Review Essay of The Landscape of Silence: Sexual Violence Against Men in War, by Amalendu Misra, (New York, NY: Oxford University Press, 2015) 271 Pp.; Rape Loot Pillage: The Political Economy of Sexual Violence in Armed Conflict, by Sara Meger, (New York, NY: Oxford University Press, 2016) 248 Pp.; Prosecuting Conflict-Related Sexual Violence at the ICTY, by Serge Brammertz and Michelle Jarvis (eds), (New York, NY: Oxford University Press, 2016) 544 Pp.
(2019) 17:2 Journal of International Criminal Justice 453–462.
Posted: 5 Aug 2019
Date Written: August 1, 2019
While many scholarly and journalistic works have been published in the past three decades on wartime rape and other forms of conflict-related gender-based crimes, the reviewed books, which were selected carefully, play a significant role in stirring up debates about rape and different patterns of sexual violence in the context of armed conflict. The reviewed books target a wide-ranging spectrum of readers, including practitioners and actors in the judicial system, academics and others with a minimal amount of domain knowledge. That said, the goals of this review are twofold: first, to contribute to a better understanding of wartime gender-based crimes by shedding light on the treatment of these heinous crimes in international criminal law; and secondly, to examine these crimes in different treaties and from different viewpoints to assess the achievements and failures of international criminal courts and tribunals in addressing such atrocious crimes.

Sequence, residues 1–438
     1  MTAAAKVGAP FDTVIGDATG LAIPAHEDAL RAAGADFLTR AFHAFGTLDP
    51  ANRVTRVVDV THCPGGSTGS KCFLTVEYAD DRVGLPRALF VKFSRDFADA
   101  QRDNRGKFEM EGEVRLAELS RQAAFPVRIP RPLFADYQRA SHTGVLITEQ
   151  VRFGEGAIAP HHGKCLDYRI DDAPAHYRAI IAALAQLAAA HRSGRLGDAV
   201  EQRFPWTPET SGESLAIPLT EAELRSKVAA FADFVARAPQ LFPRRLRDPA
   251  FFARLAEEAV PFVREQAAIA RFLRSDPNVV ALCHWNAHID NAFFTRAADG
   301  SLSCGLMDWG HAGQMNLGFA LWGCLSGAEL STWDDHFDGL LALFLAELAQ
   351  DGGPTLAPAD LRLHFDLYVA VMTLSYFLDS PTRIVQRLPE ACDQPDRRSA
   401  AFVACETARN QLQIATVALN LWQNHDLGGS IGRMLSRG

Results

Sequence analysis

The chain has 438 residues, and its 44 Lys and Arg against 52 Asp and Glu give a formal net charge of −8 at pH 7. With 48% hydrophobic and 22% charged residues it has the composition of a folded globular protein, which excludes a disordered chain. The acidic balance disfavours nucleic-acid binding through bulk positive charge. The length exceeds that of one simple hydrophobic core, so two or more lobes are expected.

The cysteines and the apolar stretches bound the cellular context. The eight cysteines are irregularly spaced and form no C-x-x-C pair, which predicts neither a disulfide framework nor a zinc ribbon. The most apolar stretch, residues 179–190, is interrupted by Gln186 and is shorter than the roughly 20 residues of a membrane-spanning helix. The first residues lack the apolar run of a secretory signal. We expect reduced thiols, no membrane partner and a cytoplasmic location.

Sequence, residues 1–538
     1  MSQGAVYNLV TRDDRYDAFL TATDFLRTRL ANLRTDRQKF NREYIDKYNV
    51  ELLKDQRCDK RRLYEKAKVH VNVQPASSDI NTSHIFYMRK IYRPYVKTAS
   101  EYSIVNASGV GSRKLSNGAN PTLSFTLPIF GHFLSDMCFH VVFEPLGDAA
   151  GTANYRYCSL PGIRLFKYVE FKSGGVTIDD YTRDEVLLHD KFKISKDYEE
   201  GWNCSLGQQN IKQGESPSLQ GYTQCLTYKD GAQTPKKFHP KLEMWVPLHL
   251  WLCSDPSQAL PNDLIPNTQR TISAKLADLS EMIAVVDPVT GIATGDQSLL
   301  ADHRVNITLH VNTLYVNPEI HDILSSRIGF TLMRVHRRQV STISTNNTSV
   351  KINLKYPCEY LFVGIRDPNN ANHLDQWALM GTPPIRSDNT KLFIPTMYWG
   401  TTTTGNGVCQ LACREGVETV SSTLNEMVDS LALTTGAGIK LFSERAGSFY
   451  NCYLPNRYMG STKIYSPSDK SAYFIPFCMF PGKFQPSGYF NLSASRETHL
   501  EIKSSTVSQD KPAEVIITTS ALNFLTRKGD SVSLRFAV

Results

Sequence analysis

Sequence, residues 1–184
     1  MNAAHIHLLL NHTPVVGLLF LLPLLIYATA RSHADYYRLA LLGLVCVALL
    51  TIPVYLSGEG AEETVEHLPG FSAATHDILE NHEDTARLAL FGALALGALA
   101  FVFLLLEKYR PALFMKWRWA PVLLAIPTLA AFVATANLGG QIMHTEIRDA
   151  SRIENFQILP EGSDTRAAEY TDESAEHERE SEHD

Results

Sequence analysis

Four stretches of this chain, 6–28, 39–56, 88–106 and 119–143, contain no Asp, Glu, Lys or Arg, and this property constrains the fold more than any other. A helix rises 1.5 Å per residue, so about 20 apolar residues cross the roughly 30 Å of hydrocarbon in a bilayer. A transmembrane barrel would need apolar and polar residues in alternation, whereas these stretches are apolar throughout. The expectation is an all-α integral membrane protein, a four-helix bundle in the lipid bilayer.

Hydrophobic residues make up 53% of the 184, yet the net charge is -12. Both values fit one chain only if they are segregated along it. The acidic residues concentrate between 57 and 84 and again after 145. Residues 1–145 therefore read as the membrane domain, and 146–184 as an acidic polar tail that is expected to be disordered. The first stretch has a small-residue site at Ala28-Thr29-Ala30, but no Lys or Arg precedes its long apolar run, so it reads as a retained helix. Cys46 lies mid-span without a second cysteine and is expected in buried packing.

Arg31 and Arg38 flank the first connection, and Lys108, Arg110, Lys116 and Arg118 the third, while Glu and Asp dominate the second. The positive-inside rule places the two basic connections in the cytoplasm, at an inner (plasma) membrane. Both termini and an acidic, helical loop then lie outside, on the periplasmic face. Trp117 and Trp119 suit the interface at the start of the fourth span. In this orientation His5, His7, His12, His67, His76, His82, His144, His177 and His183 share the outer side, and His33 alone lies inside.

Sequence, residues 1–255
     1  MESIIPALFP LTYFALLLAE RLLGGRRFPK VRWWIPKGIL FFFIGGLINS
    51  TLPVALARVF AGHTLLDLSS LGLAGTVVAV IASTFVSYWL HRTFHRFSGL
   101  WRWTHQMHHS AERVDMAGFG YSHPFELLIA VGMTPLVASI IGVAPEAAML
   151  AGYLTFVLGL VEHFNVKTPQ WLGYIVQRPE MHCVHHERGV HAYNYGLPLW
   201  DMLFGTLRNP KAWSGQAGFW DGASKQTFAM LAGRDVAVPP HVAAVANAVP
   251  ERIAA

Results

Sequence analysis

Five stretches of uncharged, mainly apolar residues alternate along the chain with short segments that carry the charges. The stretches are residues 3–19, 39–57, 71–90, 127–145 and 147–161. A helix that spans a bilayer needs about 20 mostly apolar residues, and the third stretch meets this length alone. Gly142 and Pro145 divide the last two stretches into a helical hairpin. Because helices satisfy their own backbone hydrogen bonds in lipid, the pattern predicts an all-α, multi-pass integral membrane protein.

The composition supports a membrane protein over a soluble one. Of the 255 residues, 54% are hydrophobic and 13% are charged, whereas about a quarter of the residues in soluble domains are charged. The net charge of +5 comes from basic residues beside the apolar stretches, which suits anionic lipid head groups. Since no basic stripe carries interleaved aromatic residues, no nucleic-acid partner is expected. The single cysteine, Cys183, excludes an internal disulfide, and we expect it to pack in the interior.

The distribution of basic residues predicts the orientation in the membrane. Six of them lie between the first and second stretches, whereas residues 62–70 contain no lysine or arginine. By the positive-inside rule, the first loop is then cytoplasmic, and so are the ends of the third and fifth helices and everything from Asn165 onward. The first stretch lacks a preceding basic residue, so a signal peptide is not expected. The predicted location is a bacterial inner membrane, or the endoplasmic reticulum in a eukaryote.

Notwithstanding the different aims and styles of the reviewed books, they all make an original contribution to scholarship by increasing awareness about the seriousness of conflict-related gender-based crimes and appealing to the international community to reform its standing criminal justice system to adequately prosecute these crimes, eradicate the culture of impunity and bring perpetrators to justice. Moreover, the three books are engaged in critical debates around the socio-political and legal aspects of conflict-related gender-based crimes and their social impact on victims and their societies. Furthermore, they critically examine the experience of international criminal judicial bodies, particularly the ICTY, and explore their achievements and serious challenges to prosecute these crimes in the past three decades.
Keywords: Conflict-Related Gender-Based Crimes; Wartime Rape, International Criminal Law; Gender Justice, International Criminal Court; International Criminal Tribunal for Former Yugoslavia; Hilmi M. Zawati; Amalendu Misra; Sara Meger; Serge Brammertz; Michelle Jarvis
Suggested Citation: Suggested Citation